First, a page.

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Mount Holyoke College News and Events Vista The College Street Journal Archives

April 12, 2002

Student Group to Host Dialogues on the Middle East

"I always knew it was possible to respect someone on the other side of the fence, but I never knew I could really like them and come to understand why they believe what they believe."

In any area of disagreement, that realization would be remarkable. But when the issue is the Israeli-Palestinian conflict, and the participants include those who have called that part of the world home, the sentiment—expressed by a member of a student study group — becomes all the more extraordinary.

Since November, a group of six students called Integrated Independents has meet each week, providing a forum for respectful and constructive discussion on various aspects of the Israeli-Palestinian conflict. On Sunday, April 14, the group hopes to be able to expand the circle of dialogue in panel discussions involving a number of college-age students invited from across the Northeast.

The first discussion, addressing the question "How are the existences of Palestine and Israel dealt with, both in the region and in the United States?" takes place from
10 am to noon in Gamble Auditorium. The second, addressing "What drives the current climate of violence? Can peace or solidarity movements be successful?" takes place from 1 to 3 pm. Both discussions will be moderated by Jonathan Lipman, a professor of history and adviser to three of the students, and will be open to the general public. During the lunch break, the Jewish Student Union (JSU) and the Muslim Students Association (UMMA) will operate concessions outside Gamble.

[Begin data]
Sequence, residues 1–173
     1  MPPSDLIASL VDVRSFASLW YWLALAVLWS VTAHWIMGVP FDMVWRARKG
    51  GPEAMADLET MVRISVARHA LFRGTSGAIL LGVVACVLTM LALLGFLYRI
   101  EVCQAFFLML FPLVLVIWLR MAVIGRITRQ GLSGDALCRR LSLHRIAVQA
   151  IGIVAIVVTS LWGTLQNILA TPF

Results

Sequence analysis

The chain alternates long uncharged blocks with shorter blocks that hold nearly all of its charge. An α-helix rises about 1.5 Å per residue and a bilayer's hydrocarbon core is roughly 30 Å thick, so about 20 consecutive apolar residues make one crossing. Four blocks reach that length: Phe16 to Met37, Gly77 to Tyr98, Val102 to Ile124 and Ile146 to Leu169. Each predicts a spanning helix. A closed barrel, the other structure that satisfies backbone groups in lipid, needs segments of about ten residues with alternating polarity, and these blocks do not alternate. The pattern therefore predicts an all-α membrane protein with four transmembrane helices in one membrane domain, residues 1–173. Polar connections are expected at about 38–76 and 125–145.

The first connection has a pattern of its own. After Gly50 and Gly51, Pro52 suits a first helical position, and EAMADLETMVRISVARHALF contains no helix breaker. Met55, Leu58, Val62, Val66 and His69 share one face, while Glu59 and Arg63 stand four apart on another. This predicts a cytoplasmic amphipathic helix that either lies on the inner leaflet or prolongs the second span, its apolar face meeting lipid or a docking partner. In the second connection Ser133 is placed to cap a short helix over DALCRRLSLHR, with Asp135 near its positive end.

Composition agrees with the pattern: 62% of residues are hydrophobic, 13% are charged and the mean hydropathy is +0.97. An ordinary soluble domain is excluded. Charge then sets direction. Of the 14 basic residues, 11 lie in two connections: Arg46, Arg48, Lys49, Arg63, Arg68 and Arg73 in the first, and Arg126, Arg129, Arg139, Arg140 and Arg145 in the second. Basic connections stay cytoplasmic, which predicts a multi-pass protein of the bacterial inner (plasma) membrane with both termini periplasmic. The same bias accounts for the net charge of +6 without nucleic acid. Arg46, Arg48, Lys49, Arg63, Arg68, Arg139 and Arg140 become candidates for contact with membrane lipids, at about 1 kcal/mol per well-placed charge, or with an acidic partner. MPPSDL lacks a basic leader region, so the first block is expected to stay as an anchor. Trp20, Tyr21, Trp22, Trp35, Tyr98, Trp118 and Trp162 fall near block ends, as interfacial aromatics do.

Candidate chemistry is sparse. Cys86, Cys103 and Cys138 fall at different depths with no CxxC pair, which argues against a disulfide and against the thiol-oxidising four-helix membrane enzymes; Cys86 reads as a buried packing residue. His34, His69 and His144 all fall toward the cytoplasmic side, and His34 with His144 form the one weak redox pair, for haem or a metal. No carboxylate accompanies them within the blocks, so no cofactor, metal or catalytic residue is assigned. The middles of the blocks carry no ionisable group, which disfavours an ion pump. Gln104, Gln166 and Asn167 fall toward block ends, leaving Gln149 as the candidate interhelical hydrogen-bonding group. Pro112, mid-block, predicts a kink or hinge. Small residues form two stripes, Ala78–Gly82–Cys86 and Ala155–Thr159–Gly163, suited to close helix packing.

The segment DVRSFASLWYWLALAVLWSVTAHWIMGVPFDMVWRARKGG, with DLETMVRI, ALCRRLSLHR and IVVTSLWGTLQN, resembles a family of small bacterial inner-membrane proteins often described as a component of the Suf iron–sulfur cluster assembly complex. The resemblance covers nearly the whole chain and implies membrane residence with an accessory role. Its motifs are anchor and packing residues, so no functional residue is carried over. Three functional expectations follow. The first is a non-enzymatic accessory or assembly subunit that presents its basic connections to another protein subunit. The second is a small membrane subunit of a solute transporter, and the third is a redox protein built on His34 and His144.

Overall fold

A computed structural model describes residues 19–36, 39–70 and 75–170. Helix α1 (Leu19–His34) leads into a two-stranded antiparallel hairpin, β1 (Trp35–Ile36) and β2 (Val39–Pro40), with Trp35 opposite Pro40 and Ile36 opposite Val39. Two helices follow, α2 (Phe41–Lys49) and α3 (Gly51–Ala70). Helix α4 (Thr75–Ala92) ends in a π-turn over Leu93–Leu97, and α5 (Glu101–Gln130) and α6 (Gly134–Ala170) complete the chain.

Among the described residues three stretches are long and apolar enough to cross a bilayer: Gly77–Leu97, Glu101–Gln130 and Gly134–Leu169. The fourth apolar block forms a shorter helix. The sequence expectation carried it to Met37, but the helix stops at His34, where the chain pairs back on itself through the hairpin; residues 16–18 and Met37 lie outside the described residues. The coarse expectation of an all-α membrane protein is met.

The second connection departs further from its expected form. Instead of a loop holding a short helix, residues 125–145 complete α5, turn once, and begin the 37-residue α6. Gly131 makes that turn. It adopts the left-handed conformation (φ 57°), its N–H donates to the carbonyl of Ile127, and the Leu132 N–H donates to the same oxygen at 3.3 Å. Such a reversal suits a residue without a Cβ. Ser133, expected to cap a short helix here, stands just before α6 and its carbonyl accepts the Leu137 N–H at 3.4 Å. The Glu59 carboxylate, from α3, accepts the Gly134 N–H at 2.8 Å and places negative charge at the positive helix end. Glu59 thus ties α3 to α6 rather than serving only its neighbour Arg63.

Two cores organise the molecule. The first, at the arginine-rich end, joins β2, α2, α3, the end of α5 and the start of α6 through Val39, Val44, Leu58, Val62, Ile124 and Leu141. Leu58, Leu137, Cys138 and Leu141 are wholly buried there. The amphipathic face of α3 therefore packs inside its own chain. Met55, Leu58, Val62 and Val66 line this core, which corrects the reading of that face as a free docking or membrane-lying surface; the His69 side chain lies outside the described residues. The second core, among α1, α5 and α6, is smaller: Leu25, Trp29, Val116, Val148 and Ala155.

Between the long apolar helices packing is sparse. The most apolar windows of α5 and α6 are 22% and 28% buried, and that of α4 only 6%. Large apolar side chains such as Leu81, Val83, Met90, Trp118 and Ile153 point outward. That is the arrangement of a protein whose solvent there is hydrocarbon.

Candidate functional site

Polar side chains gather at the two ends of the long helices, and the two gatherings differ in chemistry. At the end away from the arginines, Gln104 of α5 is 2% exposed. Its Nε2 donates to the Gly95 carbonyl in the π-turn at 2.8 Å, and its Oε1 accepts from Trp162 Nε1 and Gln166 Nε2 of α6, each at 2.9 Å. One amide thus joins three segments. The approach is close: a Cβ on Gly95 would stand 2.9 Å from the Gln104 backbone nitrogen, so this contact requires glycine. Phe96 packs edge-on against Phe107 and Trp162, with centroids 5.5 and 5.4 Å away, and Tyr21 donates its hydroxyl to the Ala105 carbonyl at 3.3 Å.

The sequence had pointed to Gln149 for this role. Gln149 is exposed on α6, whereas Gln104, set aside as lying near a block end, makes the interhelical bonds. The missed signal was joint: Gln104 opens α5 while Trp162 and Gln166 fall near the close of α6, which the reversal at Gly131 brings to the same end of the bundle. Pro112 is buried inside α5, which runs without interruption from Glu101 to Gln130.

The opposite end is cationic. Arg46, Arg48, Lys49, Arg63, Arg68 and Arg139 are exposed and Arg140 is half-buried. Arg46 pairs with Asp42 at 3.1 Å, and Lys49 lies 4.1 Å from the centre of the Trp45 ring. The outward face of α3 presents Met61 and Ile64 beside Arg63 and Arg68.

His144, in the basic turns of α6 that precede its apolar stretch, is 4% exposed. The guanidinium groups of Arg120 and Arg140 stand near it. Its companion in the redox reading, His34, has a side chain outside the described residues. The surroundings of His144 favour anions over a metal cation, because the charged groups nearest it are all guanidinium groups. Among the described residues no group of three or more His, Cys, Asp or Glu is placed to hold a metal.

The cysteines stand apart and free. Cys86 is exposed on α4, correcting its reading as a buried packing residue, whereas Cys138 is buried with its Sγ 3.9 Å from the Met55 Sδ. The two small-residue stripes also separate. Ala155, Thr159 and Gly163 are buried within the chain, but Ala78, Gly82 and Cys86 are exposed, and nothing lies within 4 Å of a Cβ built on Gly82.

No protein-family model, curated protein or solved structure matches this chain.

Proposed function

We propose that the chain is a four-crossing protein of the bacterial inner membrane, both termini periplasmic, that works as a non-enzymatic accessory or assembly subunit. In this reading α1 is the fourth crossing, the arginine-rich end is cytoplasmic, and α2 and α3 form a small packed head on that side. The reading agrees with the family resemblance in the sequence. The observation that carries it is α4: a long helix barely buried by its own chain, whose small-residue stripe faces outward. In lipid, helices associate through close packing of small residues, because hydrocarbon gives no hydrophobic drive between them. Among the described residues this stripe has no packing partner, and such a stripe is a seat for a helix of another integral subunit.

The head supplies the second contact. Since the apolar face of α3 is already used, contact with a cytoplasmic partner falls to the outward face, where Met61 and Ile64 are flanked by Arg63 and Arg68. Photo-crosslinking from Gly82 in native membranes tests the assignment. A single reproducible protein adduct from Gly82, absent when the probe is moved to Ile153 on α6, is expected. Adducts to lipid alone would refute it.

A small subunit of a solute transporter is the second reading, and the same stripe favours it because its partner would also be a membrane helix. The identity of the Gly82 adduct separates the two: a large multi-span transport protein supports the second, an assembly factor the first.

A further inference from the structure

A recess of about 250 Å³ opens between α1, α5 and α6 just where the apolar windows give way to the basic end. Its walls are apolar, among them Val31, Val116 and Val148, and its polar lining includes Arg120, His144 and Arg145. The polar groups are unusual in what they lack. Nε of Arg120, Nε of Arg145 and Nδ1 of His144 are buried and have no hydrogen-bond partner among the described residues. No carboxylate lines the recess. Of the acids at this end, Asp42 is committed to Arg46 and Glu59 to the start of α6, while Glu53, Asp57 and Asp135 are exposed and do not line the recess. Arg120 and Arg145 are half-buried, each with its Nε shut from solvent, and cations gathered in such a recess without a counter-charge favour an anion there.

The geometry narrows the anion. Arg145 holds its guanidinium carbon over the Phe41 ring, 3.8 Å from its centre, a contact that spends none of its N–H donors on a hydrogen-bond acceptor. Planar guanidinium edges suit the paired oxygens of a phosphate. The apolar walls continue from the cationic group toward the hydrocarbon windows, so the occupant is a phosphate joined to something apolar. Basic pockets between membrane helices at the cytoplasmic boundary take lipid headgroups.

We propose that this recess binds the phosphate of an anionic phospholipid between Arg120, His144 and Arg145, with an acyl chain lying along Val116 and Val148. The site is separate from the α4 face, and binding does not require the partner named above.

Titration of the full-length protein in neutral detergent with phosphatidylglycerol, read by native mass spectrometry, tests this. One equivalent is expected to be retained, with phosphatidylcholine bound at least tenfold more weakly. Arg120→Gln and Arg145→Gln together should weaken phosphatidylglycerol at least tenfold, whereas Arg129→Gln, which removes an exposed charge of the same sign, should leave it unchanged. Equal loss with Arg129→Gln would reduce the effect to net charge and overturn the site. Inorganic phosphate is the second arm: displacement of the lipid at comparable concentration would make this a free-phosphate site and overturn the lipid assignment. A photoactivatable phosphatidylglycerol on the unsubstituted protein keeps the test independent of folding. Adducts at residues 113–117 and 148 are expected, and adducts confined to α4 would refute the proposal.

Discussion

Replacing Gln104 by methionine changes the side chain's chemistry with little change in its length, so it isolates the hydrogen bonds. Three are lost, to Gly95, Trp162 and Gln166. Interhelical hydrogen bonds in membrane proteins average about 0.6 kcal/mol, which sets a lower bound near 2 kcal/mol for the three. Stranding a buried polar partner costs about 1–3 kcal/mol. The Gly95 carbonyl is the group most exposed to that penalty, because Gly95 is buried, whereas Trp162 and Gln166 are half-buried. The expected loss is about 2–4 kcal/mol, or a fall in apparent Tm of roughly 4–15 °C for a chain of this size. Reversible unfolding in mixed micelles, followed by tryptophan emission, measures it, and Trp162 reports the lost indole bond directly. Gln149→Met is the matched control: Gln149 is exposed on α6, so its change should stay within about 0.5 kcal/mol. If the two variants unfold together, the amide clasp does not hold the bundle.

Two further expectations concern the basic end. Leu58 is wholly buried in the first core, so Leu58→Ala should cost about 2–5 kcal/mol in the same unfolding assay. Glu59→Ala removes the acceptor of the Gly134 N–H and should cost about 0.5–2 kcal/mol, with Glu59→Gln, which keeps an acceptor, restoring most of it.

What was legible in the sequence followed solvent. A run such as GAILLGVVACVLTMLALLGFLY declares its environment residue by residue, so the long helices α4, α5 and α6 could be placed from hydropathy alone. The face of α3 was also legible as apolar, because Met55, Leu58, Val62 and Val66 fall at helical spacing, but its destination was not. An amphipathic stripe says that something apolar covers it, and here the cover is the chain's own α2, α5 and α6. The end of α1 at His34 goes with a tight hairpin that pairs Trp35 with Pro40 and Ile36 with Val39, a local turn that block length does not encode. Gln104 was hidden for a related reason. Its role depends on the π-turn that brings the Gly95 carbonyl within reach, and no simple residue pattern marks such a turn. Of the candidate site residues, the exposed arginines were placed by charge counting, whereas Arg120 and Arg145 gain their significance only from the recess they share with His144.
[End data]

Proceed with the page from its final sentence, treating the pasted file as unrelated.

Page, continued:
"This has certainly become a project that reflects our group identity, rather than our individual identities," says Hayley Zachary '02, a member of the group. Zachary explained that the group had, from the start, intended to organize some kind of public event as the culmination of its year of study, and by early February had focused on the idea of a forum. In addition to Zachary, who is Jewish, the group includes Dina Jaber '05, a Palestinian raised in the West Bank city of Nablus; Diana Turetsky '02, a Russian Jew raised in Afula, a city about forty minutes southeast of Haifa; Martine Anne Bisagni FP, a former resident of Israel whose background includes Judaism and other faiths; Kelley Cunningham '03; and Katie Summers '02.

Although the recent escalation of the conflict between Israelis and Palestinians has only increased the challenge of arranging a respectful meeting of the minds among those who hold differing points of view, the group has decided to press ahead, Zachary said.

"This is not going to be easy. This is not easy stuff to talk about," says Lipman, noting that both sides in the Palestinian-Israeli conflict see the other as "supporting a gang of murderers…. It's very difficult to imagine techniques for successful dialogue, and that's precisely what these women intend to do."

The group will choose the panelists for the discussion during a private meeting on April 13 with the more than fifteen students who were invited to participate based on their experiences and knowledge of the subject.

In conjunction with the public discussions, Bisagni will present Conscious Alternatives, an exhibition of media images, film, and slides, in the student art space in Blanchard Campus Center from April 9 through 18. There will be a reception on April 10 at 6:30 pm. Summers is presenting Q&A: What is the Israeli/Palestinian Conflict?, a primer on the issue, also at Blanchard. Her exhibition will be on display until April 18.

Zachary said group members realize that for there to be a peaceful solution to the Israeli-Palestinian conflict, there must be true dialogue, "opening your eyes to understand the other side. That‘s something we have the opportunity to do at Mount Holyoke, more than in other situations, because dialogue is such a reinforced and valued part of the learning process here."

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